Cardinal Ravasi: The Sophisticated
Cardinal Gianfranco Ravasi is President of the Pontifical Council for Culture, and considered an intellectual like Benedict XVI. The 70 year-old Bible expert has also a reputation as an expert on media and youth culture.
Ravasi has published vast numbers of books on Bible topics and writes for Italian newspapers. Since 2007, the internationally renowned Biblical scholar heads the Pontifical Council of culture. Through his Office and also with his initiative “Court of the Gentiles” he tries to push the conversation between Church and contemporary art, culture and, in the tradition of Cardinal Konig – Agnostics and Atheists. However, he lacks the pastoral experience. This résumé might limit his chances, in case the voting Cardinals should decide they want an experienced priest as new Pope, and not again a Professor.
Ravasi was born in 1942 in the Lombardy. He was ordained a priest in 1966. The appointment as an Archbishop was connected with his appointment as the President of the Culture Council, and became Cardinal in November 2010. Prior to his appointment at the Vatican, Ravasi was prefect of the Milan Ambrosiana library. Benedict XVI. entrusted him with the management of the two Pontifical Commissions for the cultural assets and the Christian archeology.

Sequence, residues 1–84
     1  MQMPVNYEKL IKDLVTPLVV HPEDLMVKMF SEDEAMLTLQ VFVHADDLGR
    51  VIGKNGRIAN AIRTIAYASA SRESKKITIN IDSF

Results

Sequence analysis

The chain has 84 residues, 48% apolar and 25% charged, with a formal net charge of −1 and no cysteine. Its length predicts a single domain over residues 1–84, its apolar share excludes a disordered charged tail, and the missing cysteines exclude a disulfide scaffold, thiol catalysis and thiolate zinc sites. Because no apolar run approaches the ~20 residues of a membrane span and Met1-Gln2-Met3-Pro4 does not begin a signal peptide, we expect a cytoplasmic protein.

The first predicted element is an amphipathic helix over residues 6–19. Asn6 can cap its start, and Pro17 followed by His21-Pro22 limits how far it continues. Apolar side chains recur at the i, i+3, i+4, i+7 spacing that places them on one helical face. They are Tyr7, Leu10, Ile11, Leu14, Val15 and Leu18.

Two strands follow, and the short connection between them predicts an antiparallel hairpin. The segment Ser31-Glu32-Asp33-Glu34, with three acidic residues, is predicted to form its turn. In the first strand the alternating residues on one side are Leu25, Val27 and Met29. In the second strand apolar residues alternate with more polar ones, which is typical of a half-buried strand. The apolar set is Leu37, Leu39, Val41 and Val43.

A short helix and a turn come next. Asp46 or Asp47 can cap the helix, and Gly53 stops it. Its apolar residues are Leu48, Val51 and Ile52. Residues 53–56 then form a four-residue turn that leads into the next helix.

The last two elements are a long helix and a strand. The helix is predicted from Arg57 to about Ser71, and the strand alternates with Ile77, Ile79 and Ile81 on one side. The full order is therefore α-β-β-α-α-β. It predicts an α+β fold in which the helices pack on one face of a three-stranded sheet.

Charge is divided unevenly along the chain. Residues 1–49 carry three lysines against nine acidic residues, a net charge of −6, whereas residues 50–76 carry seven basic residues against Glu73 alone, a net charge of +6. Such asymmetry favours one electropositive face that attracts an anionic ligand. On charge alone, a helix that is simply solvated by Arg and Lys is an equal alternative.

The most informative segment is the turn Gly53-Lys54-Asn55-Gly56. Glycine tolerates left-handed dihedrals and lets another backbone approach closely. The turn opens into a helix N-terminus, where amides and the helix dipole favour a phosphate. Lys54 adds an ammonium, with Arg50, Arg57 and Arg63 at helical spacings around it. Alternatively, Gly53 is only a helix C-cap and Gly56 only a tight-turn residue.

The archaeologist Ravasi one of Italy’s most respected Bible and Judaic scholars, he is proficient in some old and speaks several new languages. He is also a member of the Pontifical Biblical Commission. For Pope Benedict XVI. he wrote the meditation texts for the Stations of the Cross at the Colosseum at Easter – a privilege that is considered an act of faith.
Expert on youth culture and Winehouse fan
Ravasi is extremely open-minded regarding new media: he is one of the most avid Twitter users among the Cardinals, operates two blogs, and has his own show on Italian television. The 70-year-old is regarded as expert on youth culture. Before a meeting of the Cultural Council on “current trends in youth culture”, shortly before the resignation of Benedict XVI., he outed himself as a fan of the late British soul singer Amy Winehouse. In her music there is “a deep search for meaning.”
The Church is in risk to lose future generations, “if we do not learn to understand today’s youth, their language and culture,” warns Ravasi.
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